she sits paused in morning’s light
a breathless… haiku
Today I took a camera walk in Lithia Park. It tried to rain on me but I persisted. I actually found more color than I expected though I think we are a few weeks away from the raging glory that can be seen in the Park toward mid to late October. This Japanese Maple in the Japanese garden had more color than most of the trees.
Every year we have been
witness to it: how the
into a rich mash, in order that
it may resume.
who would cry out
to the petals on the ground
knowing as we must,
how the vivacity of what was is married
to the vitality of what will be?
I don’t say
it’s easy, but
what else will do
if the love one claims to have for the world
So let us go on, cheerfully enough,
this and every crisping day,
though the sun be swinging east,
and the ponds be cold and black,
and the sweets of the year be doomed.
– Mary Oliver
from her collection, A Thousand Mornings
This may not be the most beautiful image I shot today. But I knew I was going to the rose garden this morning and could not get this poem out of my head. Who would ask the petals on the ground to stay? I tried shooting petals on the ground but I could not quite capture the feeling. But I thought this faded rose losing its petals did. I tried processing it as a black and white but I liked the little bits of pink and the aged yellow look so ended up adding a couple of textures instead to emphasize the mood.
The golden-rod is yellow;
The corn is turning brown;
The trees in apple orchards
With fruit are bending down.
The gentian’s bluest fringes
Are curling in the sun;
In dusty pods the milkweed
Its hidden silk has spun.
The sedges flaunt their harvest,
In every meadow nook;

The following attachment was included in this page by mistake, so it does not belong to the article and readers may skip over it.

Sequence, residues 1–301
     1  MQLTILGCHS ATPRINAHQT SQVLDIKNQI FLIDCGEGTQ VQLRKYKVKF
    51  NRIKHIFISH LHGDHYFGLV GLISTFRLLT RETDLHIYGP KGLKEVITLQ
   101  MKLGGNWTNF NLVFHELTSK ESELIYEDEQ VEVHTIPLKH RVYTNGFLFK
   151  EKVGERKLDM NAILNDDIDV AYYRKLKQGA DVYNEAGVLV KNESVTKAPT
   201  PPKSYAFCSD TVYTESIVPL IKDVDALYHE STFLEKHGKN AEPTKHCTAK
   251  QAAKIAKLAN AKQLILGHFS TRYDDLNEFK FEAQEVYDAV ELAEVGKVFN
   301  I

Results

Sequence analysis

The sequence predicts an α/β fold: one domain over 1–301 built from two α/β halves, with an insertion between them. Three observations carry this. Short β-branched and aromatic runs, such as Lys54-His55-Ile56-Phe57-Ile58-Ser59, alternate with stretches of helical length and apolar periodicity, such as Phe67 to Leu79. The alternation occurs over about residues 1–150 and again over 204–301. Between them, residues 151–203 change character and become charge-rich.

And asters by the brook-side
Make asters in the brook.
From dewy lanes at morning
the grapes’ sweet odors rise;
At noon the roads all flutter
With yellow butterflies.
By all these lovely tokens
September days are here,
With summer’s best of weather,
And autumn’s best of cheer.
But none of all this beauty
Which floods the earth and air
Is unto me the secret
Which makes September fair.
‘T is a thing which I remember;
To name it thrills me yet:
One day of one September
I never can forget.
– Helen Hunt Jackson (1830-1885)
I have been neglecting my morning walks because I have been so excited about getting out to photograph in the morning light and before the wind picks up. So today I decided to just make it a camera walk. I found many interesting things to photograph but I especially liked these milkweed seeds. I had photographed milkweed bursting forth from pods at North Mountain Park the other day but the Morning Glories won the day so I was happy to have a chance to bring some milkweed seeds into the mix.
Autumn is coming!
Apples, pumpkins, falling leaves…
It will soon be here!
– Jeanne Hoadley
Periodically, in order to stretch myself as a photographer, I assign myself a 100 days project. It occurred to me sometime last June that it would be fun to do 100 days of Autumn. Unfortunately, after doing the math, I discovered that there are only 91 days from the Autumnal Equinox until the Winter Solstice. I thought of dividing the extra nine days between September and December but somehow September seems more autumnal than December and the lead up to Autumn much more interesting to photograph. So, I decided to just start the project nine days before the Equinox.